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Bulls free agency rumors: Who will be Chicago’s frontcourt upgrade?

there are a lot of names out there

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Brooklyn Nets v Philadelphia 76ers Photo by David Dow/NBAE via Getty Images

It’s no secret that the Chicago Bulls need some help in the frontcourt. While some Rudy Gobert rumors continue to be out there, K.C. Johnson of NBC Sports Chicago dumped cold water on them Thursday morning in his latest batch of intel. Jakob Poeltl is another potential trade target after he was a rumored option ahead of the deadline, but Johnson says that interest right now is “unknown.”

Johnson also reported Andre Drummond as a veteran’s minimum target. Drummond is somehow still only 28 and productive in the box score, but he doesn’t offer upside and has seen his impact wane in recent years.

Danilo Gallinari isn’t a center, but he too is getting Bulls buzz, with Johnson reporting a potential deal of two years worth $7-8 million annually.

There is a variety of young talent on the free agent market. The Orlando Magic are not expected to extend a qualifying offer to big man Mo Bamba, thus making him an unrestricted free agent, though Johnson also dumped the cold water bucket on that by saying a potential partnership is “on life support.” Chicago has also been linked to free agent Los Angeles Clippers reserve center Isaiah Hartenstein, a fit that Jay and Ricky applauded in the latest episode of Cash Considerations. However, the Magic seem to be a major threat there, and Bleacher Report’s Jake Fischer said the Bulls might not be willing to use enough of the full mid-level to get him. This could very well be for luxury tax reasons, and that Gallo/Drummond report would seem to echo this.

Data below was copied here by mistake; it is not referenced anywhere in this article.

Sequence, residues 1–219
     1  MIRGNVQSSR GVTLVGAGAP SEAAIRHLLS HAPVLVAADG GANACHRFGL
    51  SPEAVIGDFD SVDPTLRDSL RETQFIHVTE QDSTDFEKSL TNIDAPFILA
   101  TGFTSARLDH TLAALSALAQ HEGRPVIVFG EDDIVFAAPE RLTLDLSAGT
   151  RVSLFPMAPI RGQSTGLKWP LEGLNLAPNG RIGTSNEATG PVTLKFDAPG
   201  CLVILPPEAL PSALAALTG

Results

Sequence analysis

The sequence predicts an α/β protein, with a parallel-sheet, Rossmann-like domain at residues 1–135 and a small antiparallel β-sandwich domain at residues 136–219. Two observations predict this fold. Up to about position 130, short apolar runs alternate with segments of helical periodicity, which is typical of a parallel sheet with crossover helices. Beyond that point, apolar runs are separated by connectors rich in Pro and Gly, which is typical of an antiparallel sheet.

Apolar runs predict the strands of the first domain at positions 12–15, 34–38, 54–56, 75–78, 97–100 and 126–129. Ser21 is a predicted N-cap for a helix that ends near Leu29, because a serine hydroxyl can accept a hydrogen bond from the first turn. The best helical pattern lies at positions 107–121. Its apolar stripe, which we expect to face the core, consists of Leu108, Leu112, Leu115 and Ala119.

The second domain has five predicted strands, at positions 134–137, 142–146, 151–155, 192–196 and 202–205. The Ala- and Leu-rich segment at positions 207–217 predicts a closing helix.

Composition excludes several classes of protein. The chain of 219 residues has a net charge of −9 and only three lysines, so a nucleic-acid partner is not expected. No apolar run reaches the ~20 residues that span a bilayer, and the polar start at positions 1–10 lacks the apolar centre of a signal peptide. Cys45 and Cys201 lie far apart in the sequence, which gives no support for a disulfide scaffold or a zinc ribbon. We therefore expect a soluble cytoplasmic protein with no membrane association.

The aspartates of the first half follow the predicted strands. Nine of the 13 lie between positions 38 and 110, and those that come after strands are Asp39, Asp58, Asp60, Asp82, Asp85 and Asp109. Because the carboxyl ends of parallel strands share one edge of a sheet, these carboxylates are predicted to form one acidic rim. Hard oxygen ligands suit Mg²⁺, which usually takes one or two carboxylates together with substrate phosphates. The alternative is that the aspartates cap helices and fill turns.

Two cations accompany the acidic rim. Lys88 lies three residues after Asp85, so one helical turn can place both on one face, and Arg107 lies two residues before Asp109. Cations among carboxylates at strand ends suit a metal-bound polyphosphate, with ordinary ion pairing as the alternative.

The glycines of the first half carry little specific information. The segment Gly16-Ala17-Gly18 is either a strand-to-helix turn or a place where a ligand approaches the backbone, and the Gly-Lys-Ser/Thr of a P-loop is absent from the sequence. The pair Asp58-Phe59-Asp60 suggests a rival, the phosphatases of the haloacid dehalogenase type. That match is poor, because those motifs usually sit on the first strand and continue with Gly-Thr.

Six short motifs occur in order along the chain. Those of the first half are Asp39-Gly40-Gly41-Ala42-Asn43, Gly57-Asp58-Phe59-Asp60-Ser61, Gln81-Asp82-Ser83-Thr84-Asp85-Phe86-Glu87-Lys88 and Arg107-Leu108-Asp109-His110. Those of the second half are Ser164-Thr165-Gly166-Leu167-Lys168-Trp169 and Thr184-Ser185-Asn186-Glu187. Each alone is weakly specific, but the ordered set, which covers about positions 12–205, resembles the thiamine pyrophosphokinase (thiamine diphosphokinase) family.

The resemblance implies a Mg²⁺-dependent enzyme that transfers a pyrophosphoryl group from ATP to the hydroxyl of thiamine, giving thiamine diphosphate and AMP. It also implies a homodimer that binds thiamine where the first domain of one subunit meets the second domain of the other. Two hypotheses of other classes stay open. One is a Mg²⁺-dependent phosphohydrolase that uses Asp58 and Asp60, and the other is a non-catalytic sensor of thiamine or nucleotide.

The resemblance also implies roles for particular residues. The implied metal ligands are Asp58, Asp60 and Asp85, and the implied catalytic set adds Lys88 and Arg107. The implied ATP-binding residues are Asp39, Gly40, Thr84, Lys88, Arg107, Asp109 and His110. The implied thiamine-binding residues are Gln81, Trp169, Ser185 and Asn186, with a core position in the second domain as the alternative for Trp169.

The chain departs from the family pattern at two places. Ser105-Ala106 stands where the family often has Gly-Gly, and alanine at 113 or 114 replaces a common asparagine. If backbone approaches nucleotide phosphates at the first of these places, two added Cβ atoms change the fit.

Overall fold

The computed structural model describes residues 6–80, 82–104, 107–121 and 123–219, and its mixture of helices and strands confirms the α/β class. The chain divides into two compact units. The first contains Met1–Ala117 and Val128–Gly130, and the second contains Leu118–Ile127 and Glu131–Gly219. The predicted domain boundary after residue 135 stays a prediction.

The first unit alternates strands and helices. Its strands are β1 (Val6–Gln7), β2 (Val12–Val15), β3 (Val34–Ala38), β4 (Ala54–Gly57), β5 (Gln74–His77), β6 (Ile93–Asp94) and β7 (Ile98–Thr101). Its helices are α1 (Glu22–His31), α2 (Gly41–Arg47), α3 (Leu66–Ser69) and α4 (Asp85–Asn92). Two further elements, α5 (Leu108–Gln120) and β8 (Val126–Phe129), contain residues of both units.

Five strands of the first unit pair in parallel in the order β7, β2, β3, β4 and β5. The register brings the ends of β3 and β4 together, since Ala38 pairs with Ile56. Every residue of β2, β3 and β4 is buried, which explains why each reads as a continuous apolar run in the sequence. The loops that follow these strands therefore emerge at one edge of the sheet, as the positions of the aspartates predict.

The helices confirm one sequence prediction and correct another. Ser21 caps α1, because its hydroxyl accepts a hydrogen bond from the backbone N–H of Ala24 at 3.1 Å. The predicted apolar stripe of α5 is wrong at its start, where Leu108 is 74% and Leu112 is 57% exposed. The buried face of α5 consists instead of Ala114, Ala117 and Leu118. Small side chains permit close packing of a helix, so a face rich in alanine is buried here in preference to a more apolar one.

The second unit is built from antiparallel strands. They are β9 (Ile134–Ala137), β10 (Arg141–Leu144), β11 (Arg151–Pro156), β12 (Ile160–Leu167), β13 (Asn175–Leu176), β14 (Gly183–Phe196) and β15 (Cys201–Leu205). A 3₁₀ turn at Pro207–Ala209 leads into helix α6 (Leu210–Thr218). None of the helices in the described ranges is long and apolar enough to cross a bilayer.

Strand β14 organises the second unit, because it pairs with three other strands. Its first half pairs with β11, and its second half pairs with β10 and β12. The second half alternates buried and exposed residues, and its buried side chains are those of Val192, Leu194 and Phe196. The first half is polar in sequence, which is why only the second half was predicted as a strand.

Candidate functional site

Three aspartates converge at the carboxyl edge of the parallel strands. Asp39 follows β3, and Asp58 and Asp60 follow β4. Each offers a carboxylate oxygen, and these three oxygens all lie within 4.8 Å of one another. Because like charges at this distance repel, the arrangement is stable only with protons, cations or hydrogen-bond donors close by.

A more potentially cost-effective option (emphasis on potentially) could be Brooklyn Nets reserve center Nic Claxton, a restricted free agent packing plenty of promise. Claxton was stuck first behind eventual Cleveland Cavaliers All-Star Jarrett Allen and then behind some win-now veterans for Brooklyn, including Drummond, but produced effectively this past season in limited minutes. He is the exact kind of young player Chicago should try to get!

Sad that Javonte Green’s role as a 6’4” reserve power forward with Slam Dunk Contest hops is almost certainly doomed this season? Have no fear, Claxton can jump out of the gym, too, even without much of a running start:

Kevin Durant is all of us in that clip.

Selected with the No. 31 pick from the University of Georgia in 2019, the 23-year-old center possesses tantalizing physical tools: he stands at 6’11” while boasting a 7′2.5” wingspan and a 9′ 2” standing reach, as measured at the 2019 pre-draft combine.

In 47 contests with the Nets last year (including 19 starts), Claxton averaged 8.7 points on 67.4% shooting, 5.6 boards, and 1.1 blocks a night across 20.7 minutes. Brooklyn head coach Steve Nash did start to use Claxton more as the 2022 season progressed, which is an encouraging sign.